Ten & One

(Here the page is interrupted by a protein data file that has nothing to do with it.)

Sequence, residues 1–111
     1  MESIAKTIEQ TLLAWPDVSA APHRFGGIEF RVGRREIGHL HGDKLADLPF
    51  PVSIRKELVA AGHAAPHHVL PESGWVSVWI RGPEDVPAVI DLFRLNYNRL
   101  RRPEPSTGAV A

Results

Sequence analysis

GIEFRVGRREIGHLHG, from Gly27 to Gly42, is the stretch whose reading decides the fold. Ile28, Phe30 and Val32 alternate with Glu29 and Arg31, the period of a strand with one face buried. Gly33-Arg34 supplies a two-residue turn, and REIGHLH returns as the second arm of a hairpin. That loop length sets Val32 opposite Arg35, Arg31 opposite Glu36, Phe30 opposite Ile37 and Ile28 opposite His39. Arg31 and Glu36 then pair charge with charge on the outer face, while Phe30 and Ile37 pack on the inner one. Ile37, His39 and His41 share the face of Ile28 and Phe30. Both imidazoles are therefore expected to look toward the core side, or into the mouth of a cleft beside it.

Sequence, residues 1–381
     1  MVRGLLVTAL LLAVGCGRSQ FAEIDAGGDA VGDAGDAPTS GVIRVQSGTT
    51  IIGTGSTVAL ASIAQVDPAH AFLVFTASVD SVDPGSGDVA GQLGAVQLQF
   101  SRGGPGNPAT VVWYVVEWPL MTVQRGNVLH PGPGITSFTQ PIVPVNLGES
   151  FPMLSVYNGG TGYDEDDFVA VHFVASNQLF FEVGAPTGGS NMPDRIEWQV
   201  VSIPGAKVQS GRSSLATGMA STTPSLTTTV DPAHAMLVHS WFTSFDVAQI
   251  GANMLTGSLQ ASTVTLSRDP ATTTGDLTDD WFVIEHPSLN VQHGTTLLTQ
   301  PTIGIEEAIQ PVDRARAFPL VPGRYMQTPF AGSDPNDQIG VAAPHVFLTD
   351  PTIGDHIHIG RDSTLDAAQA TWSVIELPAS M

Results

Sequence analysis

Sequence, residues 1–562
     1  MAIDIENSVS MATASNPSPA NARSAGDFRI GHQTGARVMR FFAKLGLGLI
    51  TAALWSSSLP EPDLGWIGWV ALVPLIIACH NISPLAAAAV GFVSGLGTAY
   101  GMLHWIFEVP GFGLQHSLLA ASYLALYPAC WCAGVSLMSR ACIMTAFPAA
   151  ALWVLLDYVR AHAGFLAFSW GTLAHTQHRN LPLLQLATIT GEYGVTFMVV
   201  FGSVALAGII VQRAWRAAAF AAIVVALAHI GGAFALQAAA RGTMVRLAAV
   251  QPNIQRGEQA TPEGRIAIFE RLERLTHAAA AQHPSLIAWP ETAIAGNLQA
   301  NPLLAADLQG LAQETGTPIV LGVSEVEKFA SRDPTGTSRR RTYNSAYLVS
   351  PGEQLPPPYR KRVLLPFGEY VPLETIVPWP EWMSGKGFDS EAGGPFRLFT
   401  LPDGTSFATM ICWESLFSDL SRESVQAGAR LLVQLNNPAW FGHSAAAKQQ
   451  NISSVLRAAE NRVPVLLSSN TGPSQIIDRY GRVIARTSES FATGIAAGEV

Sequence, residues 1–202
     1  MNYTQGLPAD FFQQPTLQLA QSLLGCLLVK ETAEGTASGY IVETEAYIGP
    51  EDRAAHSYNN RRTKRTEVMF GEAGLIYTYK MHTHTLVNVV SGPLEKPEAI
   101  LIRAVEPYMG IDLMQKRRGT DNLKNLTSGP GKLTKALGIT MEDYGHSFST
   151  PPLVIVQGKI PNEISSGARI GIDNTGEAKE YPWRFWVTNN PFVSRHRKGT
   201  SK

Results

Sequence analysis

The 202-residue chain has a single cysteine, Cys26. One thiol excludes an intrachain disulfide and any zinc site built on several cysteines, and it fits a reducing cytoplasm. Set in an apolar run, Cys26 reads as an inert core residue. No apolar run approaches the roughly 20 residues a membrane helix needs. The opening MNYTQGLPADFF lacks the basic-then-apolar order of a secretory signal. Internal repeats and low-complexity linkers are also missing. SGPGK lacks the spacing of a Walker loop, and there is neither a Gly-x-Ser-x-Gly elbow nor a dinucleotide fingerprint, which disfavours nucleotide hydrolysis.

'Ten And One' is several things: it's a celebration of classic American Popular Song and the art of arranging for a vocalist and big band. And it's further proof of the wealth of world-class musical instrumental talent in the Dallas-Ft. Worth area. But, ultimately, it's a superb debut and showcase for the vocal, instrumental and bandleading prowess of one Joe Rodney Booth. Some background: Rod was born in El Paso and reared in a household where music prevailed. His father, Robert, was a highly regarded trumpeter, violinist and teacher who played in the El Paso Symphony and at one time played in the band of trumpeter Ziggy Elman ("And The Angels Sing"). His mother, Sammie, is a pianist and voice teacher who studied with the legendary Madame Margaret Chaloff (mother of jazz baritone great Serge Chaloff and teacher/mentor to Chick Corea, Herbie Hancock, Keith Jarrett and others). Young Rod Booth listened to his dad's record collection and, in the process, acquired many musical influences; among them, vocalists Tony Bennett, Ray Charles and the excellent British pop vocalist Matt Monro. On trumpet: Clark Terry, Miles Davis and Freddie Hubbard. Two trumpeter/vocalists made a lasting overall impression: Louis Armstrong and Chet Baker. Rod first attended the University Of Texas At El Paso (UTEP) and finished his studies at the University Of North Texas (UNT) in Denton, Texas, where he played in the fabled 1:00 Lab Band. Subsequently he toured with that great jazz finishing school, the Woody Herman Orchestra; his teammates there included baritone saxophonist Gary Smulyan, drummer Jeff Hirschfield and tenor saxophonist/ arranger Bob Belden. Ultimately , Rod became part of the Dallas-Ft. Worth-Denton musical community, playing clubs, shows, concerts, recording sessions, private and corporate functions and teaching; the bread-and-butter work of the big city pro. But with the formation of the Rodney Booth Band, however, he joined that select group of bandleading trumpeter/vocalists: Armstrong, Baker, Louis Prima, 'Hot Lips' Page and Billy Eckstine. About the music: "It Happened In Monterrey", "I Thought about You', "I Wanna Be Around' and "All Or Nothing At All" were arranged by Tom Merriman, one of the world's leading composer/arrangers of radio & TV jingles for decades. His work set the standard for countless other arrangers (myself included). Here, however, we're afforded the rare opportunity to hear his special way with Great American Standards. On "All Or Nothing at All"; a masterpiece gets a world-class arrangement which, in turn, gets played to perfection by the band. Rod could only sing the hell out of it (and he does!). "That's All" and "The Way You Look Tonight" are the work of Phil Kelly. His credits include arrangements for vocalistsFrank D'Rone, Buddy Greco, Sylvia Sims and Julius La Rosa, as well as work for Doc Severinsen, several feature films and countless national TV & radio jingles. It's difficult for me to be objective about his work, since we two go back several decades. He's been a role model, mentor, advocate and good friend; indeed, he was one of my major inspirations and influences. "The Way You Look Tonight" is classic PK; superbly orchestrated, harmonically astute and constantly in motion rhythmically (he was a world- class big band drummer, too!). The band swings hard yet effortlessly; Rod is a double-threat here, vocally and instrumentally (don't miss the double high 'C' at the end of his trumpet solo!). You'll be struck by the surprisingly gentle vocals on "That's All" and "I Thought About You"- I certainly was! (the Chet Baker influence is unmistakable). But then, unlike Baker, RB can do more forceful stuff, like "It Don't Mean A Thing" and "Is You Is...?" , the latter very effectively arranged by Rod himself, with charging solos from Chris McGuire on tenor, Jim Riggs on alto and Brian Piper on piano. The sensitive arrangement of "My Foolish Heart" by the late, great Pete Vollmers is a totally instrumental feature for Chris McGuire, a supremely talented multi-instrumentalist (and, incidentally, one of the best jazz clarinetists ever!). McGuire is simply superb here-period! Jim Riggs, a world-class multi-woodwind master (and former Regents Professor Of Saxophone at UNT), deserves special mention. His performing credits are too numerous to mention here, but they do include Frank Sinatra and Tony Bennett; his former students include Tim Ries (of the Rolling Stones backup band), Bill Evans ( in Miles Davis' 80's bands) and Dan Higgins (a studio ace who's done soundtracks with John Williams, among others). Riggs, as you'll hear, has his own way with the musical idiom founded by Charlie Parker (and continued so indelibly by Phil Woods and others). None of this would work, however, without the high-level ensemble work of the other gentlemen of the orchestra: dependable and ever-swinging lead trumpet from Jay ('Hey, Now!') Saunders (effectively aided by the ubiquitous Noyder Thobo), the equally dependable anchoring baritone sax of Roger Holmes, the solid trombone work of John Osborne and Keith Adkins, the bedrock bass lines of Carl Hillman and the expert drumming of Mike Drake and Joel Fountain. Brian Piper and Floyd Darling, two of my favorite fellow pianists-and people, alternate on keys. A confession -and disclaimer: I arrranged "Summer Wind" and "It Don't Mean a Thing"; RB and Co. 'nailed' both of them! Many thanks! Dave Zoller.